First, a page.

Rachel Hadas: August 2013, Shalom’s first visit to Vermont; I was writing on the porch and he was surreptitiously filming me through the screen. “Yemaya” was a month or two earlier, so no, this wasn’t the first time. The superposition of my poem “But It’s True,” one of many love poems I was writing that summer, and the opacity and torqueing and dappling later in the video – that is all Shalom’s magic.

Shalom Gorewitz: One works with colleagues and collaborates with lovers and friends.  Rachel and I make our art side by side. During the summer of 2013, I filmed her at a table where she often writes in and about Vermont, and in some of the places she loves to visit and even write about, like the Fairbanks Natural History Museum in St. Johnsbury. Thank you for noticing the gradual color shifts. After selecting a poem or Rachel writing a new one, I composed simple aural environments for the words and used wave forms to gently dissolve the physical, as the lover’s touch vibrates the soul.

BASCOVE: A recently completed video, “A Hymn to the Republic,” is an impassioned response to our current political situation. It feels like a seamless construction. Do you work on a piece continually until it’s finished? Were there discussions about what would be included in the images and text or did you work on them separately and integrate them afterwards?

Rachel Hadas: I remember urging Shalom on November 9 to make a political video, something he used to do before we met. We might have discussed text choices some, but most of this he conceived, refined, edited…. I think maybe the seamlessness you speak of is the art that conceals art. His work makes the countless choices all look so easy and inevitable.

Shalom Gorewitz: I actually recently re-edited the video and changed the title, so I guess that demonstrates that a work might never be completely finished. It is now called Davida and Gunlioth. The video shows modern versions of these Biblical adversaries preparing for battle while the soundtrack plays a densely-layered mix of drug advertisements and a scrolling text describes symptoms and anti-dotes for Dystrumpia. The process started when on the day after the elections, Rachel told me to stop making love videos and go back to the studio and make the kind of activist style videos I was known for. This was the first in a series of new short videos that are part of DTTV. Rachel wrote a poem about the day after the election, and it was easy to select part of it for the opening moments of the video.            

BASCOVE: Rachel, a poet fluent in several languages, including having Classical Greek at her fingertips, works with words on paper. Shalom, a visual artist, uses some of the most sophisticated technologies available to create his films. Have your working methods influenced each other?

Rachel Hadas: We’ve learned so much from each other that the answer has to be yes. Speaking for myself, even before I met Shalom I was getting sick of writing elegiac poems; was wanting to pare down the number of words in a poem; was leaning toward more surreal imagery; and was more fluently borrowing lines from other poets. I was getting ready for this enormous change. Of course I probably subsequently went on doing some of the things I had always done, but it’s as if I walked into a world of color, more space, more silence. (See my poem “Slow Green,” and indeed all the poems in the final section of Questions in the Vestibule – including “But It’s True.”)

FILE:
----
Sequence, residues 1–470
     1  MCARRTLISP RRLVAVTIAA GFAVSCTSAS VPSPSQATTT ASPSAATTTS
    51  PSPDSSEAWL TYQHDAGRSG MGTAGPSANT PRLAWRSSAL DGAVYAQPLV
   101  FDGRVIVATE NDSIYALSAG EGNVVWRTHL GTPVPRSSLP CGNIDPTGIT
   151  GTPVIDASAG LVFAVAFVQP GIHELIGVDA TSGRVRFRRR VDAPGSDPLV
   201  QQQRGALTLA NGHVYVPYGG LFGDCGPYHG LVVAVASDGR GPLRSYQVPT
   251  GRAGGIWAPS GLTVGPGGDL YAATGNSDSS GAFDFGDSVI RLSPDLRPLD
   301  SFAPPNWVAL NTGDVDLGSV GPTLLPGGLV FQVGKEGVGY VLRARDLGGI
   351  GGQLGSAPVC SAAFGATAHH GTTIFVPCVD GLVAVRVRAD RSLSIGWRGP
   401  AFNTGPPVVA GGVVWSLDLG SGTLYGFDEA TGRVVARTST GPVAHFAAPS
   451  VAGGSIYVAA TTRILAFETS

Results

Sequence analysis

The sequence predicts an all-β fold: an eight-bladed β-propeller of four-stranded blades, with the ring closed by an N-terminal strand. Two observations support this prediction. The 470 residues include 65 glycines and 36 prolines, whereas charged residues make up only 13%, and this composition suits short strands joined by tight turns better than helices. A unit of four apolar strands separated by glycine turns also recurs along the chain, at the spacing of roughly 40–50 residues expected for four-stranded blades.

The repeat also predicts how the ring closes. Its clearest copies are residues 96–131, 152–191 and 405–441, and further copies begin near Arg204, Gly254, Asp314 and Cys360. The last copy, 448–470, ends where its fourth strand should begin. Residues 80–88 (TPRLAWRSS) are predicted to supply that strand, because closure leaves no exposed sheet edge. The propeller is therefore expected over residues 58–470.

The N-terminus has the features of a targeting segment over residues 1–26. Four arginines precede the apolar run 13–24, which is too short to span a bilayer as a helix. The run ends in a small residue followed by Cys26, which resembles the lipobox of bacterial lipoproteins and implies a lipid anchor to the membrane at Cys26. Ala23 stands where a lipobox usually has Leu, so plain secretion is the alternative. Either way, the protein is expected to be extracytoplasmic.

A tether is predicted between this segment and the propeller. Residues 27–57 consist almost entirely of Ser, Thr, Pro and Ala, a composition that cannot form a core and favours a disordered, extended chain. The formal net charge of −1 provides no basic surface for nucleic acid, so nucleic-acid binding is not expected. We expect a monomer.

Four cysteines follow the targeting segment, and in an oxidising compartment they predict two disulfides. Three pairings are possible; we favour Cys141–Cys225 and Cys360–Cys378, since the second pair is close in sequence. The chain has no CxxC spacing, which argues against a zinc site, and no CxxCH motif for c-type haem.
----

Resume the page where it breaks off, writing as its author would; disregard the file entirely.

I’m a very intuitive, seat-of-the-pants writer; when I’m working well I work fast, and am not always aware of the reasons behind my choices. I think Shalom is that way too. But how could we not bleed into each other’s working techniques? “My soul slipped out of me and into you.” More specifically, the kind of jump-cut in “A Poultice”, from a bruise on the head to weapons in space within one stanza, feels cinematic. The logic isn’t linear. Someone (I think it was Anthony Lane) wrote recently that the language of cinema is much more like poetry than like prose, which is one reason films of good novels are often terrible. We looked at each other: yes. Marilyn Monroe famously said she read poetry because it saved time. So does metaphor.

Shalom Gorewitz: Throughout my 47 years as a practicing artist, I’ve mostly used home-made and low cost technologies to work experimentally with video. I am inspired by Rachel’s ability to work in almost any setting, her memory for literature, and a generous attitude about sharing her work. She is a partner sensitive to my creative process as I record and edit images and sounds. Our styles and methods seem to parallel and complement each other.        

BASCOVE: Could you speak a bit about what the process of collaboration has brought to each of you?

Rachel Hadas: Joy and excitement and a bit of suspense. A sense of continually exploring new territory. As artists separately and certainly together, I like to think we’re a little hard to pin down.